October 4, 2008
La Benite Park, Sugar Creek, MO
photos by Melanie Cheney, Jill Anderson-Hamilton & Don Williams
On Saturday, Oct. 4th, La Benite Park came alive early with the sounds of people getting to work and the smells of an Indian summer and coffee. Dumpsters and trailers for tires, trash, and scrap metal were in place. The River Relief crew was busily setting up pop-up tents, the sign in table, t-shirts, life jackets, maps and the “hydration station”. Boat captains began launching at the ramp, beaching their crafts while awaiting the hundreds of volunteers we anticipated.
The Big Muddy flowed past the ramp, carrying our quarry for the day- the solid waste that litters the shore, catches in the driftwood piles and clutters the dikes and riprap along the 12 miles that bracket La Benite. The scout was done, the flags in place. All that was needed was the people power to move the trash into the waiting containers.
We had never seen anything like it before, volunteers started arriving as early as 8:00 a.m. and people began to pitch in immediately. Some staked out a spot to meet their comrades on the river bank, while keeping an interested eye on the 19 boats assembled to take volunteers out onto the
The sign in table was quickly the hub of activity, as volunteers were signed in, received a t-shirt, gloves, reusable water bottle and a small token of appreciation in the form of hand sanitizers, pens or luggage tags. After sign in, folks proceeded to the orientation station.
Orientation plays a big role in the education that goes on at these clean ups. Our carefully prepared maps are used to show folks where they are along the river and what rivers and streams contribute to the trash they’ll be picking up. The project site is over 12 miles, so there is much to see. People have an opportunity to ask questions and ready their groups for the all important safety talk.
S H O W M E: Slow down before you throw down, hands in the boat, who is your buddy?, our safety team is key to making sure that volunteers know the ropes before setting out on the Missouri. Our rules are simple and few, but rigorously enforced. A clean safety record is our best asset, and the safety station keeps us on track. With over 400 people to watch out for, this all important step has been simplified and made easy to remember. Once the safety talk is through, the excitement increases.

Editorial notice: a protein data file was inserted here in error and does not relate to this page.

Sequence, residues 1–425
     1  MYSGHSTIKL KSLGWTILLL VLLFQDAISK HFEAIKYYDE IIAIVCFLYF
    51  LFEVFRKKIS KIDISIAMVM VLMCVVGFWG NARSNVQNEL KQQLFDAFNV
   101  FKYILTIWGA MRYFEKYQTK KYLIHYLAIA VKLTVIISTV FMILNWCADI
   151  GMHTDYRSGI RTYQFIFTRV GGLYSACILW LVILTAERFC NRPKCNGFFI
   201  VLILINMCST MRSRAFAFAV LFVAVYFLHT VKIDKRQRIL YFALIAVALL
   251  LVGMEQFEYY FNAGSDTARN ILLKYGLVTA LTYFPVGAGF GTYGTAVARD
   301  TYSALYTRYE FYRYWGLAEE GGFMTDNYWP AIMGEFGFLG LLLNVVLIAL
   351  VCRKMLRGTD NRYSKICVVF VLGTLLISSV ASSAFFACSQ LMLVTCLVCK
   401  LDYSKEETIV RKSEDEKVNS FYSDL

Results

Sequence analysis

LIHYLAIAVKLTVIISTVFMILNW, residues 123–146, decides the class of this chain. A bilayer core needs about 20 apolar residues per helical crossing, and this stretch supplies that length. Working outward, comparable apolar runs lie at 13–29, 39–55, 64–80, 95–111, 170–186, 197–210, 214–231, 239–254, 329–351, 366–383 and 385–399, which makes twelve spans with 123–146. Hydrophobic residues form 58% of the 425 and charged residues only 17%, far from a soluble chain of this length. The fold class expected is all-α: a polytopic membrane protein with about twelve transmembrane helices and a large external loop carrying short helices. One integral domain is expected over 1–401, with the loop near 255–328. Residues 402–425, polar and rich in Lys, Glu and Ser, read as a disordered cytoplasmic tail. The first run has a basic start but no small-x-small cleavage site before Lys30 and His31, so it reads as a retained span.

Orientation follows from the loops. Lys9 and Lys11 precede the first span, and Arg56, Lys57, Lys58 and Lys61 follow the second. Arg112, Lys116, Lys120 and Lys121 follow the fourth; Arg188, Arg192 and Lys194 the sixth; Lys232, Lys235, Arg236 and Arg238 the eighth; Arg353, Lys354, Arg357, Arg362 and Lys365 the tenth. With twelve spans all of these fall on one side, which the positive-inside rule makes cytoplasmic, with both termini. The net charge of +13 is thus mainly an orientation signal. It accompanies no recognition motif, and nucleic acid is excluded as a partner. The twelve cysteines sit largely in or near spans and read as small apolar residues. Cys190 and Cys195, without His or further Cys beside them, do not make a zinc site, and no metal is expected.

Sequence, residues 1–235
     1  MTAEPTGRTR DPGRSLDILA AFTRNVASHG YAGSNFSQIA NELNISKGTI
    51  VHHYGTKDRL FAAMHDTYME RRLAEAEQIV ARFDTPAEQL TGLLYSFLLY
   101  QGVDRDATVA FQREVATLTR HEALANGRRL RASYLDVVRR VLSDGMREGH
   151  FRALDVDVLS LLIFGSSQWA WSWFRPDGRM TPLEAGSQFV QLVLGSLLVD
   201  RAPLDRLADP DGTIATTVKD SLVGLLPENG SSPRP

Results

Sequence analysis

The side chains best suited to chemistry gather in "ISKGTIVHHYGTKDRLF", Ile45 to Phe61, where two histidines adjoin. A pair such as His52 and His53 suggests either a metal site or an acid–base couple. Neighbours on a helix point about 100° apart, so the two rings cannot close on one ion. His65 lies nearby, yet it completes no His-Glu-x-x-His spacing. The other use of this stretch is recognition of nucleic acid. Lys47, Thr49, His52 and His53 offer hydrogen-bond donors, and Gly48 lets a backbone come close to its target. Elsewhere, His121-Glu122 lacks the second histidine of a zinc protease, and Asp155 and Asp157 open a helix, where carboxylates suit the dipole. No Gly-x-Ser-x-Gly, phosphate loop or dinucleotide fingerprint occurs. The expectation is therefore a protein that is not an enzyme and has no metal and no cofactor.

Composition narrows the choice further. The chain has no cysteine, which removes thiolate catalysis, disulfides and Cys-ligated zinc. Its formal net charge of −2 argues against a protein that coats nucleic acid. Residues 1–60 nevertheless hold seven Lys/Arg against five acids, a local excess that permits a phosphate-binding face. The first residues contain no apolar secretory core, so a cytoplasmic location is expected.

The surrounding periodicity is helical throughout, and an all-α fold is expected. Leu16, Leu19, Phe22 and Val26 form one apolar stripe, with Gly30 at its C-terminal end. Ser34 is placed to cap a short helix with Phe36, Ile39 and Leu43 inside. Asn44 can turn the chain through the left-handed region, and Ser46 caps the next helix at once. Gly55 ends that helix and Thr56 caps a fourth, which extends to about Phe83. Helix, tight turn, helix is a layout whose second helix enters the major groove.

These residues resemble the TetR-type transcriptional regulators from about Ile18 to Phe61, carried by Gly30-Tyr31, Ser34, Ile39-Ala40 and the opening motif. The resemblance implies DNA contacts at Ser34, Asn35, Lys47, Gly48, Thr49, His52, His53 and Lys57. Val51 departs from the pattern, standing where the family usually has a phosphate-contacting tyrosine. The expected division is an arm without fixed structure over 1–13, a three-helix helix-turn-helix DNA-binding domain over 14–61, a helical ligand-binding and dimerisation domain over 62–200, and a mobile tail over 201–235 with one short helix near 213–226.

Volunteers pass down to the ramp and are outfitted with PFD’s- lifejackets. The ramp crew takes a look at each one, making sure that the jacket fits and is properly snapped on to each volunteer. Groups are being called as the dispatchers identify reaches for boat drivers and the carrying capacity of each boat.
Now, the fun truly begins. Volunteers step carefully into boats provided by a number of state and federal agencies, corporations and our own River Relief fleet. Captains shout a few final words as boats pull out and power away from the ramp.
Blue skies and moderate temperatures made the boat rides (which are always a favorite part of the day) a treat. Smiling faces turned into the wind to watch the beautiful bridges of
Boats pull up to blue marker bags as captains ask their final questions. “Do you all have enough bags?” “Is your water bottle full?” “Now, be sure to look just up over the bank, there’s lots of trash in those piles of drift wood.” Volunteers remove their PFD’s and take to the riverbank, piling big trash in piles and bagging the detritus of storm drains into bags. It is simply amazing what is found out there. Tires and car parts and boats and refrigerators and bar stools and children’s toys all make their way into piles awaiting our work boats. Too soon for many, captains return to pick volunteers up for lunch.
Few people were prepared for the scene at the ramp as they returned. A delicious lunch was prepared and waiting, while River Relief work boats began the tedious task of picking up all of the piles of trash and transporting them to a waiting loader and hungry dumpsters. The ramp is controlled madness, as the loader supervisor makes sure that the way to the dumpsters is clear. Hardy volunteers take to the boats to cruise the project site, throwing everything from bags of trash to boats taken apart in pieces back to the ramp. Sturdy backs move the trash from shore to boat to loader. The loader moves the trash to the containers, repeating this ballet of trash hauling over and over as the afternoon progresses.
351 bags of trash and tons of other debris (an estimated 10 tons!) were removed efficiently in one day from the banks of the Big Muddy by many hands. In its place, we left newly found friendships, care and new found respect for an incredible natural resource and a huge service to our community.